My family emigrated from India to the US in January of 1995 when I was 8 years old. To successfully transition into American life, we all had to learn and speak English fast.
In India, I went to an English-medium school, which is basically a school that uses English to teach all subjects. While I had a grasp of basic English as a third grader settling into Chicago’s public schools, it took over a decade for me to become an advanced English speaker, writer, and reader.
These are the lessons I learned along the way, and the advice I’d share with any beginner-level English speaker.
1) Get out of your own head
When my family arrived in Chicago, it took no more than 7 days for me to enroll in and start attending school. It was baptism by immersion, a phase that lasted about 5 years before I became an intermediate-level English user.
During those early years, even though I was entrenched in English every minute of the day, I had an extremely difficult time practicing it and using it publicly.
As a person of minority, I received my fair share of criticism and ridicule from fellow classmates, as if it was a right of passage, for broken English. The more I believed them that my English sucked, the more my confidence waned, and the less I was inclined to even try practicing it. I stunted my growth by friending only others who spoke my native language, Gujarati, and its close counterpart Hindi.
Even my parents and younger brother had difficulty adjusting to life, mainly because of their lack of familiarity with English. The four of us returned to India just 8 months later, where we once lived a perfectly privileged life. My parents were wiser however, and later decided to give life and a future in America a second effort.
This time around, we all landed in Chicago with clearer expectations of American life, and I found myself making more use of practice time at home. I was inspired by my 4-year old brother who seemingly learned English with zero effort. When he spoke, he just let the words fly. No filter. No worry of making mistakes. Only a clear conscience. I quickly learned that the more time I occupied myself with memorizing, practicing, and applying myself, the less tense I became, and the more I improved.
So my advice to my 8-year old self and to you is: let it fly. Whether it’s speaking English or experiencing new things that the American life has to offer, don’t be afraid of failure. Let go of the negative thoughts that restrain progress, and set your attitude toward constant and never-ending improvement.
2) A new language changes your identity
Even as I improved in communicating with peers at school or at the park playing basketball, I still sabotaged myself at home with my family in a subtle, but critically counter-productive way: I refused to speak English in front of them. Even when I knew the words.
Why? I remember pretending not to know English around them, because I didn’t want them to see I had changed. Speaking basic English on a day-to-day basis made me feel like a different person, that is, an American. I didn’t want my parents to see me as one. It felt like I was betraying them and my heritage.
If I could go back in time, I’d tell my younger self to get used to the idea of change. And like failure, don’t fear success either. Almost 25 years later, and still living in the Chicago area, my heritage is still intact, and my English is, well, good enough to publish this essay.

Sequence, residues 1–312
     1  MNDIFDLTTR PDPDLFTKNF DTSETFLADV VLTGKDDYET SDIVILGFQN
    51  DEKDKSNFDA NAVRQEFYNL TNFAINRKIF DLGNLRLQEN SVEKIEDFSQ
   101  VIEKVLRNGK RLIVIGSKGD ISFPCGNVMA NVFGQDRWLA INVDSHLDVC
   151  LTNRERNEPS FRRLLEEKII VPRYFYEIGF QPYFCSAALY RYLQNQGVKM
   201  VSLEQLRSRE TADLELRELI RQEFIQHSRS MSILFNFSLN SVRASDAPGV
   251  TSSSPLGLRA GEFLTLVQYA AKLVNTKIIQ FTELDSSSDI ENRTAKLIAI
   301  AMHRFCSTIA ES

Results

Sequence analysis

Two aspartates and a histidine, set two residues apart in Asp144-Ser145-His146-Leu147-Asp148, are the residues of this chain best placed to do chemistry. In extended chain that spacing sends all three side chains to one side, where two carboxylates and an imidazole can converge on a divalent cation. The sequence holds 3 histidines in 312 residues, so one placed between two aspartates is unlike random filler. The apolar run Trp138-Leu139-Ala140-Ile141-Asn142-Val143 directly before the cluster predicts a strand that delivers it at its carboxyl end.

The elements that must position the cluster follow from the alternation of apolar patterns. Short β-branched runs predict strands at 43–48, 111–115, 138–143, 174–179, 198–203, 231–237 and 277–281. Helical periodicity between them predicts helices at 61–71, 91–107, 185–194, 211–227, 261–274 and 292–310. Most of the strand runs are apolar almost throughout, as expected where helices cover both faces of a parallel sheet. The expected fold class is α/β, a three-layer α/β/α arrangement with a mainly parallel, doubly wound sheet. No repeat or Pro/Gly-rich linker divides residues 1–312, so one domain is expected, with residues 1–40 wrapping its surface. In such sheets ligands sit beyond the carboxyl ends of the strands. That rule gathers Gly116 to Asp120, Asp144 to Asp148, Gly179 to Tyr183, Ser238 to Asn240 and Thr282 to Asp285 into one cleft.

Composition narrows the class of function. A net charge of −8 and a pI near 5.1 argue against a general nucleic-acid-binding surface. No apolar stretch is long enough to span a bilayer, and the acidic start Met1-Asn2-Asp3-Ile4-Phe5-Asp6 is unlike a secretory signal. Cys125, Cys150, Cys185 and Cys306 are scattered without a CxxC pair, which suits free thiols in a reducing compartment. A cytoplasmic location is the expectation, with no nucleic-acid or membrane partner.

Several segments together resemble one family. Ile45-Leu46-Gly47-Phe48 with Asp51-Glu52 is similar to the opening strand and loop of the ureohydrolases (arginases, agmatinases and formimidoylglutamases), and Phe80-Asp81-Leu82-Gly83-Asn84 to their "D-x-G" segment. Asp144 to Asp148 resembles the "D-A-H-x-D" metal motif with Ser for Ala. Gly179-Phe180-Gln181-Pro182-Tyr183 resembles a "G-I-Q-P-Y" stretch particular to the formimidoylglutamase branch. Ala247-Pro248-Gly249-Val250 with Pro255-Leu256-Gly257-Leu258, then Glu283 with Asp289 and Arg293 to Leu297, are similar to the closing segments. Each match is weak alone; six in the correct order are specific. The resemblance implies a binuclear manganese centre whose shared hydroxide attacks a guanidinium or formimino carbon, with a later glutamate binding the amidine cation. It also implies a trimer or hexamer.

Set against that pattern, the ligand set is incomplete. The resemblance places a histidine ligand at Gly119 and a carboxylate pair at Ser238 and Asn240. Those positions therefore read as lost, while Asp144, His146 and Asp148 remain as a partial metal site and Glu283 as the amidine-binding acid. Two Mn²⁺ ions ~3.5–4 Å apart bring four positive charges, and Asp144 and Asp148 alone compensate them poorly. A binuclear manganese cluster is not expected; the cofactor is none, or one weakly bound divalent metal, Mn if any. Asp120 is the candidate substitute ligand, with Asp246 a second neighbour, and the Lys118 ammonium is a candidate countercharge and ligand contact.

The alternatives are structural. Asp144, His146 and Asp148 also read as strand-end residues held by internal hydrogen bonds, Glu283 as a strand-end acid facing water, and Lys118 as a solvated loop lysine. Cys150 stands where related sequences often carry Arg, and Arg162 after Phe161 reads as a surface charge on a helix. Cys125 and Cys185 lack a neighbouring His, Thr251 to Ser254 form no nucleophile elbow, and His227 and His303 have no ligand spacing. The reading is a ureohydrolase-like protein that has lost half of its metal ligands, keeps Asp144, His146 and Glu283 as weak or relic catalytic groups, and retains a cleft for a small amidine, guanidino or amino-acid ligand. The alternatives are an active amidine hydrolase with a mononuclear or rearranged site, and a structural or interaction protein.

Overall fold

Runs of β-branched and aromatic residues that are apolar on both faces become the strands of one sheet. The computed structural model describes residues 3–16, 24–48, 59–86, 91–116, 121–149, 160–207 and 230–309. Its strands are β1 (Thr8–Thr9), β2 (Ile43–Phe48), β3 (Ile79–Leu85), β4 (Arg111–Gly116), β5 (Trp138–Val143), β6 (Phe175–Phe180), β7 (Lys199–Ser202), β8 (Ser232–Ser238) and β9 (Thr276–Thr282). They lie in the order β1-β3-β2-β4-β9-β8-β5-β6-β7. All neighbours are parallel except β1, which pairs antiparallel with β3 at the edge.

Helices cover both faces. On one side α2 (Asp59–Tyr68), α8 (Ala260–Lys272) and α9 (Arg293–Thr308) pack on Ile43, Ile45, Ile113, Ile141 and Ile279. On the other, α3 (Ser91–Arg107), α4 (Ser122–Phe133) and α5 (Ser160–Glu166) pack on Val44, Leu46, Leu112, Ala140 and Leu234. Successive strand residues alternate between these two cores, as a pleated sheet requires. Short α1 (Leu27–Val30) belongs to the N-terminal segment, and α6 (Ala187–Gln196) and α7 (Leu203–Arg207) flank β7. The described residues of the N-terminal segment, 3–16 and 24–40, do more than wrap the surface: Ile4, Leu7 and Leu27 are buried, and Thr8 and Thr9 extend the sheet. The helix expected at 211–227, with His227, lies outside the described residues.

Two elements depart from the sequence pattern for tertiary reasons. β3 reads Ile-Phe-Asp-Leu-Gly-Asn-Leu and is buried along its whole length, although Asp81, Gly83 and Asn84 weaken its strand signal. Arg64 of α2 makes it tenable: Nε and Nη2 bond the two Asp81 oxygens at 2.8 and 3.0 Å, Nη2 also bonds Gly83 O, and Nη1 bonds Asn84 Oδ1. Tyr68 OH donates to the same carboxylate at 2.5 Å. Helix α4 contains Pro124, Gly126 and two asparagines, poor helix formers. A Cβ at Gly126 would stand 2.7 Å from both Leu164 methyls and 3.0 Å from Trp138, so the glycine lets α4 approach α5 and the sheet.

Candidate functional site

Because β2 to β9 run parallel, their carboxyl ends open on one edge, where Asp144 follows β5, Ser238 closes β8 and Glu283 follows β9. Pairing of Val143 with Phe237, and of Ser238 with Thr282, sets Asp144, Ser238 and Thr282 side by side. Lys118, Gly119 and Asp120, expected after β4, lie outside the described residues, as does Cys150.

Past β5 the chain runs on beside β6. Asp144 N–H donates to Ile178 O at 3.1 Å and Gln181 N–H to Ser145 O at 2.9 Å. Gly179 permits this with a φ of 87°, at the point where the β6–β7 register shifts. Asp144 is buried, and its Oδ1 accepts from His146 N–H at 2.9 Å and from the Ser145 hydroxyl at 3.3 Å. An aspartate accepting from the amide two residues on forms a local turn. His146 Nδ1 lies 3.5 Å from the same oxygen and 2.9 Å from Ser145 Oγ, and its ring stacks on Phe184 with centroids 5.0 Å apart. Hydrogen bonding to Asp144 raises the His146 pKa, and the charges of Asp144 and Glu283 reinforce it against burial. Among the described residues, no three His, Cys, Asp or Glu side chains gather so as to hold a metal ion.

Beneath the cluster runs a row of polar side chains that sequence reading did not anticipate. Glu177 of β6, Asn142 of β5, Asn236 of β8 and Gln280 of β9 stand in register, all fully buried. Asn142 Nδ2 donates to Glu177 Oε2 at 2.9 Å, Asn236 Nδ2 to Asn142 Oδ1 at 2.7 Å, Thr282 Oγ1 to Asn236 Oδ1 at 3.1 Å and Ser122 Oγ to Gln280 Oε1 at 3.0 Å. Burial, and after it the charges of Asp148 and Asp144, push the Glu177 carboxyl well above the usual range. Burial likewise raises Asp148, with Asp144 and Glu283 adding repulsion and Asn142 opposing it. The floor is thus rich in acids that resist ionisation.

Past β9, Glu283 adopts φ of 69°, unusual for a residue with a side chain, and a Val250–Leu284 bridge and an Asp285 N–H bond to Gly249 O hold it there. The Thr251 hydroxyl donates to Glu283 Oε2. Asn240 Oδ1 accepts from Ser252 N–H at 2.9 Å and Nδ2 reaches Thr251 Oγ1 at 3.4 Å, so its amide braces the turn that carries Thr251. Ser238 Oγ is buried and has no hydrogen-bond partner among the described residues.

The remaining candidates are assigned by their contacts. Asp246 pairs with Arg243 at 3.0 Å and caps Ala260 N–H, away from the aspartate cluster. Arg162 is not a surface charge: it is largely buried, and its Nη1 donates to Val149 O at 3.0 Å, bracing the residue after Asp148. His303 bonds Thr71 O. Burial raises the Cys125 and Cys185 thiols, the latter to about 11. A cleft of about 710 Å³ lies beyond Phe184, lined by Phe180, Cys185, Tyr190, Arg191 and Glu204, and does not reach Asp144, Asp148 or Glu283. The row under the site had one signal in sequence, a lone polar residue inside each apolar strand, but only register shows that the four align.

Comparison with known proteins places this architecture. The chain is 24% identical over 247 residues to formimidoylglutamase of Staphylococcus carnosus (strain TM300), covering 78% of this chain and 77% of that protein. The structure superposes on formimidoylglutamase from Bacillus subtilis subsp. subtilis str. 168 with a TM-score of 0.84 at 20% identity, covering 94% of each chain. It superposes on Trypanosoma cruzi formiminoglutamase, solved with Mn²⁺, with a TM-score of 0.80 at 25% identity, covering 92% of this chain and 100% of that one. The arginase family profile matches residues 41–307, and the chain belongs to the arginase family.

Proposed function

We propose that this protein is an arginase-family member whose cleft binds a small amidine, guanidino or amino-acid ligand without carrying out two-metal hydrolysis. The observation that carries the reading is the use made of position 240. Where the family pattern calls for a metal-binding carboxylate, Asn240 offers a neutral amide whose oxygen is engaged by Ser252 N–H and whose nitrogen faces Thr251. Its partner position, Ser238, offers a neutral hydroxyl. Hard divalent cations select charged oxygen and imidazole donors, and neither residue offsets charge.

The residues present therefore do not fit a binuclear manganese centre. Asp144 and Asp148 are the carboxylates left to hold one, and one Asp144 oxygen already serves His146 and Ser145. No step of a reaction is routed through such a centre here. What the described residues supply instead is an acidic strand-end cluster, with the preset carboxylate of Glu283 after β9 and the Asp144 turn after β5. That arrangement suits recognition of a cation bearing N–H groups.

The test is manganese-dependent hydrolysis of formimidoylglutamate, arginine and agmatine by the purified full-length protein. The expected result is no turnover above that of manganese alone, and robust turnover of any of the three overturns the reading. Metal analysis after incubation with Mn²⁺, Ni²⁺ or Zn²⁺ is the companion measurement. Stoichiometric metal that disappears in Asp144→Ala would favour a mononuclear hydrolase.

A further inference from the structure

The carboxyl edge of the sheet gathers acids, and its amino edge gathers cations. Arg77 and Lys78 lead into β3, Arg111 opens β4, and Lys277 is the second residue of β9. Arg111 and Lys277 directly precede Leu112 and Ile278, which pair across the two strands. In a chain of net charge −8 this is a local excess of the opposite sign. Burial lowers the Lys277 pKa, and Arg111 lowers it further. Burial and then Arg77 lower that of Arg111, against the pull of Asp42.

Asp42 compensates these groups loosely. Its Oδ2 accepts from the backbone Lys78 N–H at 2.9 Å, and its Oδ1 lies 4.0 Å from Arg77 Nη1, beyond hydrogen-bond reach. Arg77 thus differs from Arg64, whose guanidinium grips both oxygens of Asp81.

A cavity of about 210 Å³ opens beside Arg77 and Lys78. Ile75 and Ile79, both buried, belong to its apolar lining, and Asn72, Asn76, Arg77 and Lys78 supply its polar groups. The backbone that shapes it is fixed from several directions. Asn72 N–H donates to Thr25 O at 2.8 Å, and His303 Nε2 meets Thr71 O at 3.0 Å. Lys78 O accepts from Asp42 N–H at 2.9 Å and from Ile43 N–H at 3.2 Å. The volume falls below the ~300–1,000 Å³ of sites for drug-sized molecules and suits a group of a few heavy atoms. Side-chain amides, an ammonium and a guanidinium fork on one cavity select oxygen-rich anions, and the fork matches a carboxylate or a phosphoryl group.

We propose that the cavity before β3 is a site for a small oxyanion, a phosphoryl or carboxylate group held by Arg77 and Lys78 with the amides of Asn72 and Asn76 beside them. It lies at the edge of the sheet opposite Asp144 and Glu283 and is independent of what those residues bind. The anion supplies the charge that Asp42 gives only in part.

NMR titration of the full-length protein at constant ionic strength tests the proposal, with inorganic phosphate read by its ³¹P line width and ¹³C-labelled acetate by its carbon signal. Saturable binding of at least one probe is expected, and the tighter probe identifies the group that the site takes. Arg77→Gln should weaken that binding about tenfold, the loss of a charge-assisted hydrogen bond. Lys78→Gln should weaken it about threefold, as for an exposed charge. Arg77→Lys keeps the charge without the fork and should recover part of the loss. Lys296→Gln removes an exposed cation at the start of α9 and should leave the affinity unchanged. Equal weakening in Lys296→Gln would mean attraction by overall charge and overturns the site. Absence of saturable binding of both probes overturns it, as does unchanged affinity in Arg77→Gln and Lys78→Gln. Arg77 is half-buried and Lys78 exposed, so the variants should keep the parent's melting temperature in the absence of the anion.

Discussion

3) Language mastery is a lifelong pursuit
If you Google search, “how long it takes to learn English,” you’ll see conflicting answers. Some say months, some say years, some say even longer. As a learner investing serious time and energy into your studies, you owe it to yourself to know what you’re committing to.
You have to ask whether you’re learning for fluency, or for mastery. While fluency helps you get by, you should aim for a deep expertise.
As Trevor Noah writes in his book Born a Crime, “English is the language of money.” Mastering English gives you a fair chance at virtually any educational or professional opportunity you wish to pursue.
In every aspect of life, mastering English makes you a more empathetic, knowledgeable, and well-rounded person. As Nelson Mandela once said:
“If you talk to a man in a language he understands, that goes to his head. If you talk to him in his language, that goes to his heart.”
When you master a foreign language, you don’t just understand the words people say, you clearly and deeply understand what they mean.
It’s never been more apparent to me that even though I’ve been using the English language for over 2 decades, I still have much left to learn. This fact is particularly evident while reading a good book.
I still can’t fathom Shakespeare. I still have trouble deciphering hip hop lyrics, and I still don’t always get idioms, euphemisms, dialects, or figurative language.
So the final piece of advice I’d give is to commit to lifelong learning. One great way to start is by opening up a new book that challenges you. Read, read, read. Also, understand the importance of listening. Pay close attention to others whose use of the English language uniquely represents a distinct walk of life. Then, talk to them in that language.
Walt Whitman sums up the universality of the English language well:
“Viewed freely, the English language is the accretion and growth of every dialect, race, and range of time, and is both the free and compacted composition of all.”
If you’re embarking on a path to language mastery and not just fluency, keep going – especially during the moments when you feel stuck. The dividends and long-term returns will pay off in unexpected ways. They will also far outweigh the time, effort, and emotion invested.
Don’t just take my words for it. Get expert advice from private English tutors who can both ease and accelerate the painstaking process of mastering this new language.–You‘ve been reading a guest post by Raj Shah